1 The Danish Centre for Environmental Assessment, The Technical Faculty of IT and Design, Aalborg University, VBN2 Department of Development and Planning, The Technical Faculty of IT and Design, Aalborg University, VBN3 The Faculty of Engineering and Science (TECH), Aalborg University, VBN
A Story of Non-Compliant Discretion
Screening within Strategic Environmental Assessment (SEA) is the first critical stage involving considerations on whether an assessment is carried out or not. Although leg- islation and guidance offer practitioners a legal and logical approach to the screening process, it is inevitable that discretionary judgement takes place and will impact on the screening decision. This article examines the results of discretion involved in screening of climate change plans (CCPs) in a Danish context. These years voluntary CCPs are developed as a response to the global and local emergence of both mitigation and adap- tation, and the voluntary commitment by the local authorities is an indication of an emerging norm of climate change as an important issue. This article takes its point of departure in the observation that SEA is not undertaken for these voluntary CCPs. The critical analysis of this phenomenon rests upon a docu- mentary study of Danish CCPs, interviews with a lawyer and ministerial key person and informal discussions between researchers, practitioners and lawyers on whether climate change plans are covered by SEA legislation and underlying reasons for the present practice. Based on a critical analysis of mandatory SEA and/or obligation to screen CCPs ac- cording to significance criteria, the authors find that 18 out of the 48 CCPs are manda- tory to SEA and 9 would require a screening of significance and thereby potentially be followed by a SEA. In practice only 1 plan was screened and 1 was environmentally as- sessed. The legal, democratic and environmental consequences of this SEA practice are critically discussed. Hereunder the missed opportunity to use the broad environmental scope of SEA to avoid a narrow focus on energy and CO2 in CCPs, and question whether this practice in Denmark complies with the EU Directive.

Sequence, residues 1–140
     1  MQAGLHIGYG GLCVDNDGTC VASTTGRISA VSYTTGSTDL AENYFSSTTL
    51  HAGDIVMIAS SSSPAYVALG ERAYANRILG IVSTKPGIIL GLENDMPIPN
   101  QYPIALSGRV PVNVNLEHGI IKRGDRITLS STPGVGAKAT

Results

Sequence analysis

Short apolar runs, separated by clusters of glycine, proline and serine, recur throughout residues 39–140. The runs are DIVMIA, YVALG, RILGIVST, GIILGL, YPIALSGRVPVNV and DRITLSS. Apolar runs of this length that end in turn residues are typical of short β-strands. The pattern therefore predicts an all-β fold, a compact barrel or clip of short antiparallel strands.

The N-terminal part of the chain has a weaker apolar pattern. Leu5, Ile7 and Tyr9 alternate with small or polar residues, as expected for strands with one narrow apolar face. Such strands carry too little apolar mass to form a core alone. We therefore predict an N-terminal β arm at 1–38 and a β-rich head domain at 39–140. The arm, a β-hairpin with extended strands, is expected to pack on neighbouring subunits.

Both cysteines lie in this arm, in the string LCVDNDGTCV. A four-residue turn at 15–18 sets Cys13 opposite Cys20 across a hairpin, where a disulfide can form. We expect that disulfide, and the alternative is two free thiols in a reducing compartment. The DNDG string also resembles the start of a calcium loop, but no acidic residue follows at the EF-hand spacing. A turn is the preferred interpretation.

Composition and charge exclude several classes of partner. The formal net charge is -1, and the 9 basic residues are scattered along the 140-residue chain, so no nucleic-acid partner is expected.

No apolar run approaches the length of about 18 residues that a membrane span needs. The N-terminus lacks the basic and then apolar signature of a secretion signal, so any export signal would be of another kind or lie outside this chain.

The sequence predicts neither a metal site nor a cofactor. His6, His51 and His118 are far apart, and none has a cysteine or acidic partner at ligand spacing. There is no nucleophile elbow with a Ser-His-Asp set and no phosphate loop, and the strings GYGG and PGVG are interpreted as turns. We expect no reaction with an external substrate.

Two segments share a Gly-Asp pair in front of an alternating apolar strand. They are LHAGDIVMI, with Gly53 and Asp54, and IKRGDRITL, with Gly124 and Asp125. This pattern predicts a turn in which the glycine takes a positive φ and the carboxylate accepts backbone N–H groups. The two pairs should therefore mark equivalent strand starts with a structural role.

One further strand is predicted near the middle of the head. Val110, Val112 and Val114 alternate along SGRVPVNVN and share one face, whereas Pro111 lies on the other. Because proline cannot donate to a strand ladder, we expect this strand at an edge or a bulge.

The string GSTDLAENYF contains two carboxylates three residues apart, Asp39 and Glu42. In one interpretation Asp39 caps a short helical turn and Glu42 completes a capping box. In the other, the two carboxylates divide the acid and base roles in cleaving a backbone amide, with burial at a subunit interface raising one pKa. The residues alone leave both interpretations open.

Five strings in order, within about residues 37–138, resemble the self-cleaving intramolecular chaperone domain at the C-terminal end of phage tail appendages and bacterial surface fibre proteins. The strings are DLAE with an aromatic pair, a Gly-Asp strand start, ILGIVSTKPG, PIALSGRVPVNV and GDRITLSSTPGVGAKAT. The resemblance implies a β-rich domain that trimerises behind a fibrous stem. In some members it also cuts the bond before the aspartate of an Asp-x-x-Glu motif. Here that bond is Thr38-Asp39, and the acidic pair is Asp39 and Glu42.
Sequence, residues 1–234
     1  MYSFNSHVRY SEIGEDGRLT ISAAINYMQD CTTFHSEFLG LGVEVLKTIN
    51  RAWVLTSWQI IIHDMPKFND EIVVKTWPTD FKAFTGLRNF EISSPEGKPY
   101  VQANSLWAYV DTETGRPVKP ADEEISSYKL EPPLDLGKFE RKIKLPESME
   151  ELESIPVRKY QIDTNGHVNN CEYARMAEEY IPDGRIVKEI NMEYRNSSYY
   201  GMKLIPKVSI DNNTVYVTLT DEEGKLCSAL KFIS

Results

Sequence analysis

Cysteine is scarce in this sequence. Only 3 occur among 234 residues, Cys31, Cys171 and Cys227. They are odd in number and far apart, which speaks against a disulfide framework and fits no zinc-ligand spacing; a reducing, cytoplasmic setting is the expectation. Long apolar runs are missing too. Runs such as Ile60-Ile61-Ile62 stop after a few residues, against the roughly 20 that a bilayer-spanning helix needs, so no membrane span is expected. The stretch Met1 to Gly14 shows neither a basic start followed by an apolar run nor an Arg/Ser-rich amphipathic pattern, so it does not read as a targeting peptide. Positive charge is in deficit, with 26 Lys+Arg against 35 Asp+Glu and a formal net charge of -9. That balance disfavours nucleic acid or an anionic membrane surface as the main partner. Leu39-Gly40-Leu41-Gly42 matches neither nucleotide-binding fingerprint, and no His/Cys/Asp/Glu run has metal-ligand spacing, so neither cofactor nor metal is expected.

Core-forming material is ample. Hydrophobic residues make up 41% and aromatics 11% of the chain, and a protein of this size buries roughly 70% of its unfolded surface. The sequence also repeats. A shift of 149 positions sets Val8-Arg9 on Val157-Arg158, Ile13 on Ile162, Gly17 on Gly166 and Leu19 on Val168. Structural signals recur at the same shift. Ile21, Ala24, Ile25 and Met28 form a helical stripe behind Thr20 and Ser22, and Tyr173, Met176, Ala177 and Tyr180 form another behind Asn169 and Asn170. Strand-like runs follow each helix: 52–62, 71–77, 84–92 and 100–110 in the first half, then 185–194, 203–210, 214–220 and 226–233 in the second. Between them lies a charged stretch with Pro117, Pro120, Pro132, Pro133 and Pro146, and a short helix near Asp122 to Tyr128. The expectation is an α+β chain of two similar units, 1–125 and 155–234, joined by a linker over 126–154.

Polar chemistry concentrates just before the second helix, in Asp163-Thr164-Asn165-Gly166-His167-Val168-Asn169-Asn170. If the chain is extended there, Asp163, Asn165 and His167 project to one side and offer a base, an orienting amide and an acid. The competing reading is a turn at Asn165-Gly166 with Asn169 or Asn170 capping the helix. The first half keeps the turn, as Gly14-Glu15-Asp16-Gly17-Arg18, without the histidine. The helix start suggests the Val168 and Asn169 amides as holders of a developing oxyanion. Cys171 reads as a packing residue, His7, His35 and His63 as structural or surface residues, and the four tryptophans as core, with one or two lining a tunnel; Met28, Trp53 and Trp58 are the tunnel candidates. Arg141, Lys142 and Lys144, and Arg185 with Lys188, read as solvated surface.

Environmental Impact Assessment Review, 2013, Vol 41, p. 64-69